Most facilities have moved towards odorless traction additives such as SXT. Some of additives evaporate very quickly and some do not. This seems to be something that is also dependent on tire compound and ambient temperature. For example, saucing a Green compound seems like it never dries, especially when tjhe temperature is lower. We have found that wiping the tires off 15 minutes before we go run allows the sauce to cure, which makes the car come in much quicker with Green rears. Blue compounds on the other hand, do fine when wiped off right before hitting the track.

Saucing half front and full rear is a good initial starting point. If the front of the car is too agressive you can sauce les than half, or for a shorter amount of time.
Tire Fuzzing:
In conditions of increasing grip, foam tires will somewtimes get sticky and pick up fuzz and debris from the track. This is highly dependent on the rubber sedan tire that is being run at your local track and the compound/ type of foam you are running on you car. The softer the sedan tire and the harder/higher rubber content in your foam tire, trouble with fuzzing seems more likely to occur.

There are ways to get around fuzzing under most conditions, and usually involves the selection of the correct foam compound. The more fuzz you get, the softer/lower rubber content you want to run.

Examples:
Problem: Car fuzzes with Lilac/Team Purple fronts and car starts pushing.
Solution: Use a softer front tire and or different family of foam. Replace it with Blue or Double Blue front.

Problem: Car loses rear bite 6 minutes into the run. Blue rear tires look almost clean but have small carpet hairs.
Solution: Use Green rear tires. The softer compound wears instead of getting sticky, minimizing fuzz.

Tire Selection:
Starting out, pick 2 tire compounds for the front and rear. The following should have you covered 99% of the time.

Front - Green and Blue (BSR) or Green and Light Blue (JFT)
Rear - Blue and Double Blue (BSR) or Blue and Dark Blue (JFT)

You may wonder about other compounds out there and if they might be better, trust me, they probably won't be. Even if there are other tires that can be as fast, the synthetic family wears out really fast and the high natural rubber will probably fuzz on you over an 8 minute run. The blends family seems to be the most versatile foam type available today. They last awhile, and sticking to them will make your process of tire selection simpler.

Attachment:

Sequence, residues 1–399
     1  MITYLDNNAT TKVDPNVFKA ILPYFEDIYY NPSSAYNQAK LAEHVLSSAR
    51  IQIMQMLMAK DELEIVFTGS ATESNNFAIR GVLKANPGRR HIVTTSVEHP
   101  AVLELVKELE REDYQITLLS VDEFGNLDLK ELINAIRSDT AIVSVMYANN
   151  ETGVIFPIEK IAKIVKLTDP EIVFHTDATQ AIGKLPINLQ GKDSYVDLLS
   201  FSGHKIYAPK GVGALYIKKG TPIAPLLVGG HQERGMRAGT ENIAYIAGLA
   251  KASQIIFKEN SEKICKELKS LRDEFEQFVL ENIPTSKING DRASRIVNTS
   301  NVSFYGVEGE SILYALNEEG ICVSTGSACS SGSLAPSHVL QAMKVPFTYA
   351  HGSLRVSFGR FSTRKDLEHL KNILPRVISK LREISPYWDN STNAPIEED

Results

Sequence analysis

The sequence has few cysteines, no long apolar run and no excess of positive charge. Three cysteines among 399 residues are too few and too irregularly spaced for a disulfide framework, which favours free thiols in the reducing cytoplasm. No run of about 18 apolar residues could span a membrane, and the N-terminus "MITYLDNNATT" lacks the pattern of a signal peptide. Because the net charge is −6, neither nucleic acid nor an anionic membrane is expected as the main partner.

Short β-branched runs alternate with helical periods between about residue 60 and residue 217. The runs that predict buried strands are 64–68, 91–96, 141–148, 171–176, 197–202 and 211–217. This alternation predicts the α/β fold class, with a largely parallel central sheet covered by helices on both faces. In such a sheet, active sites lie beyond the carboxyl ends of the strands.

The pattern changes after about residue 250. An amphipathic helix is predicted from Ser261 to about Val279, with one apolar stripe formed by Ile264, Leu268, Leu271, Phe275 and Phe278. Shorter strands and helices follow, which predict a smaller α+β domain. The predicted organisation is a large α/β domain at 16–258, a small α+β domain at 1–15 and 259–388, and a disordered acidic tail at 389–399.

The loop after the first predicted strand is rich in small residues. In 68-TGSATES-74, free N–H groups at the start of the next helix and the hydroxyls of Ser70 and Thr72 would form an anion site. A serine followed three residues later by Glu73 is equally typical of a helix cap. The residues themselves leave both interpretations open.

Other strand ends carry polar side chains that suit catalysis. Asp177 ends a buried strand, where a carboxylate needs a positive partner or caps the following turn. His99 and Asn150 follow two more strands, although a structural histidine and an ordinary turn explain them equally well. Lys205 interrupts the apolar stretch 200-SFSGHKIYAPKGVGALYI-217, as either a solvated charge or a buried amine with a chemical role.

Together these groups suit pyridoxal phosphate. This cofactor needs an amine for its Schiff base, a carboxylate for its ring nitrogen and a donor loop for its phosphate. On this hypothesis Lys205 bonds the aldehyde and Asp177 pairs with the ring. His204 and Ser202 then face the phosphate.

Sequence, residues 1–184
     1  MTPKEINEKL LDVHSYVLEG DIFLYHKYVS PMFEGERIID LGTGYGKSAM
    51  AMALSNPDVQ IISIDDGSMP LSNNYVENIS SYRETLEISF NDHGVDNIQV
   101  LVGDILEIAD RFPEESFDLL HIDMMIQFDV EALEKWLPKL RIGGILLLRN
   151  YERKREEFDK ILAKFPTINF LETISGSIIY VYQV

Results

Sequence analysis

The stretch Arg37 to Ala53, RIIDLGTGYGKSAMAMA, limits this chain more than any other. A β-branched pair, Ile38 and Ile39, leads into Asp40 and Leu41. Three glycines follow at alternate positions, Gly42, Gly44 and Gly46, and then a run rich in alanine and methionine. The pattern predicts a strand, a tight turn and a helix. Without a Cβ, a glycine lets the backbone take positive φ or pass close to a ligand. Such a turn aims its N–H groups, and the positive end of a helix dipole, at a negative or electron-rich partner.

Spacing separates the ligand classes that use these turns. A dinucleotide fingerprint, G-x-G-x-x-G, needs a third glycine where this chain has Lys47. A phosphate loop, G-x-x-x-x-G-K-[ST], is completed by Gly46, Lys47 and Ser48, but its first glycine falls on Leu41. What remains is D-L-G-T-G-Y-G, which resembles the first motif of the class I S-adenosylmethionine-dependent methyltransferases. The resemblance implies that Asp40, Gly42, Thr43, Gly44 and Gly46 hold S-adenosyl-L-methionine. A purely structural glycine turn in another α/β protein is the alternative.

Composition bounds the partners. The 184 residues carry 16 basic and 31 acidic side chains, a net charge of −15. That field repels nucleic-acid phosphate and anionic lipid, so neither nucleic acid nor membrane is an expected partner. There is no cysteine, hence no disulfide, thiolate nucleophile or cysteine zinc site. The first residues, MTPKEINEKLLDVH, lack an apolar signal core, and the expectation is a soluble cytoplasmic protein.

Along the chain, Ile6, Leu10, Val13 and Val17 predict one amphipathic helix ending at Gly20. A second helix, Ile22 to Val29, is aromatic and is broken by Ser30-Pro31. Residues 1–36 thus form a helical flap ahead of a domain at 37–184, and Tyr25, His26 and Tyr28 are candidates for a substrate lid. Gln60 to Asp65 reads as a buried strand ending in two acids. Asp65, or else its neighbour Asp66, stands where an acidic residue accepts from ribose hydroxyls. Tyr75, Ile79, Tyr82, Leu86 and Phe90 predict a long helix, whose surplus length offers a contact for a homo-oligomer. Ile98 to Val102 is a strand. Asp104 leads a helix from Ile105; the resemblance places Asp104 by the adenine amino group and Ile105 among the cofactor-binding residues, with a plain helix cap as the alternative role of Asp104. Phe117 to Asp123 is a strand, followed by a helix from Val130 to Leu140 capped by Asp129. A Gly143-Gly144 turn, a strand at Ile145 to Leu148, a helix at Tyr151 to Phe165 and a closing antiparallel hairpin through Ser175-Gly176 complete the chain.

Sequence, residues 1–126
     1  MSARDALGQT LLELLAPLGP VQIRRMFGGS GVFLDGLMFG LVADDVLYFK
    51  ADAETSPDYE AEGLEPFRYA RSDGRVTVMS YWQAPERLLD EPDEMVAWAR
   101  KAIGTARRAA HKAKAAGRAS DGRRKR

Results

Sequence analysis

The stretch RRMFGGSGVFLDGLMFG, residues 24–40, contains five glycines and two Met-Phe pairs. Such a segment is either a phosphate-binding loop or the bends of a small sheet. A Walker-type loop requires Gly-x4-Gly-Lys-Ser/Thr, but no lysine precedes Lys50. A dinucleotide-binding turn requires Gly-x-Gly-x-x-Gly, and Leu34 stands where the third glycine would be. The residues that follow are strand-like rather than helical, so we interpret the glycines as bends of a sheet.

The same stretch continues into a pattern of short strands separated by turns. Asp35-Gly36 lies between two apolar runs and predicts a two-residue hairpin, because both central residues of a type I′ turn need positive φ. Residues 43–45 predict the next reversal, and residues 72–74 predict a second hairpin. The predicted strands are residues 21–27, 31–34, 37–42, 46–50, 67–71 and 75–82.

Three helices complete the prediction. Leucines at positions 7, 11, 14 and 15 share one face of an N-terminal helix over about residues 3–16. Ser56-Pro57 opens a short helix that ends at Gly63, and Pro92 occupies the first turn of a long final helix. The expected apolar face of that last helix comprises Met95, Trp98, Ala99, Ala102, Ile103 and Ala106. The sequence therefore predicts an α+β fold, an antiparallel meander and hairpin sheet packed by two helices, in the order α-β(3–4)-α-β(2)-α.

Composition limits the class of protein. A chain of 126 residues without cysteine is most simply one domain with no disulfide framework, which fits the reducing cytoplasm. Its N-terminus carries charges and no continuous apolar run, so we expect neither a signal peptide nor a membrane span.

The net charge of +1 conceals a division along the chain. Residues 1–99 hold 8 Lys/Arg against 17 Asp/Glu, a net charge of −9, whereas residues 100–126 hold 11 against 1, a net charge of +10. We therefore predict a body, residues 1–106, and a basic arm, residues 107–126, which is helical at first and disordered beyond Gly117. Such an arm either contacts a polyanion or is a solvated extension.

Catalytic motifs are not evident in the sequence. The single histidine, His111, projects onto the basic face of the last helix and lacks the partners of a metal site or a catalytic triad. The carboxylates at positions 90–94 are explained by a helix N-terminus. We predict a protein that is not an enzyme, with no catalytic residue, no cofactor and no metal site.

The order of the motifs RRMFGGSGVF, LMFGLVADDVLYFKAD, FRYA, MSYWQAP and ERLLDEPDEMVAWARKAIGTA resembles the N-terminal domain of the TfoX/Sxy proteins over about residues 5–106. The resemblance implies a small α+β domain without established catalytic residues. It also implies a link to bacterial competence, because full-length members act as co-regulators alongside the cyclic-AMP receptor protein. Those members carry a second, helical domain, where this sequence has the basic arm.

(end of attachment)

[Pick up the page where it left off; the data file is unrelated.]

Tire Charts:
BSR/CRC/Jaco



Contact



Corally



JFT (Japan Foam Tire)



Ulti



Enneti (Xceed)



ELECTRONICS:
ESC:
As of now, ROAR is staying 1S (3.7V nominal; 4.2V fully charged) for 1/12. There are many 1S ESC's with a built in BEC so nothing else is required to power the receiver and servo.

If you don't want to lock yourself into a 1S specific ESC, you do have other options! It is possible to use your 2S ESC without a booster or receiver pack, and the ESC simply supplies the lower voltage. If that does not appeal to you, you will need to use an Rx pack or booster. The Rx pack and booster will both supply the receiver with a higher voltage than the 1S pack.

If you decide to use an Rx pack, MAKE SURE TO REMOVE THE RED WIRE FROM THE ESC PLUG THAT GOES INTO THE RECEIVER!!!

If you choose to use a voltage booster, it works exactly how it sounds. Instead of plugging the ESC into the receiver, it plugs into the booster, and the booster plug goes to the ESC, supplying the higher voltage.

1S ESC:
If there are any missing please add them!!

If anyone would like a need for a chart comparing the ESC's specs PM fenton06 and I'll get one made and put in here!
Voltage Boosters:
If there are any missing please add them!
Servos:
BODIES:
Black Art (CRC - US Dist):
  • Audi R8C - BA002 - .020 Thick



  • Black Market (Mohawk 12) - BA005 - .020



  • Lola B10 - BA006 - .020 thick
  • Toyota TS030 - BA008 - .020 thick

    Lola - black/red, TS030 - green/pink


PROTOForm:

Reflex Racing/RSD:

SUSPENSION ADJUSTMENTS:

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Old 01-03-2008, 11:35 AM   #27826
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Chassis is a CRC 3.2R and it does have mounts.



Bout time Don!
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Old 01-03-2008, 02:52 PM   #27827
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StuartC: could you post a picture of that thrust bearing assembly, I'm having a hard time visualizing it. Thanks in advance!
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Old 01-03-2008, 03:11 PM   #27828
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Originally Posted by adam lancia View Post
StuartC: could you post a picture of that thrust bearing assembly, I'm having a hard time visualizing it. Thanks in advance!
Regarding a Thurst Bearing on a AE 12th, I did the following, replacing a CRC cone by a custom part:




Comments are welcome!
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Old 01-03-2008, 03:33 PM   #27829
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Originally Posted by adam lancia View Post
StuartC: could you post a picture of that thrust bearing assembly, I'm having a hard time visualizing it. Thanks in advance!
Quote:
Originally Posted by Arn0 View Post
Regarding a Thurst Bearing on a AE 12th, I did the following, replacing a CRC cone by a custom part:

Comments are welcome!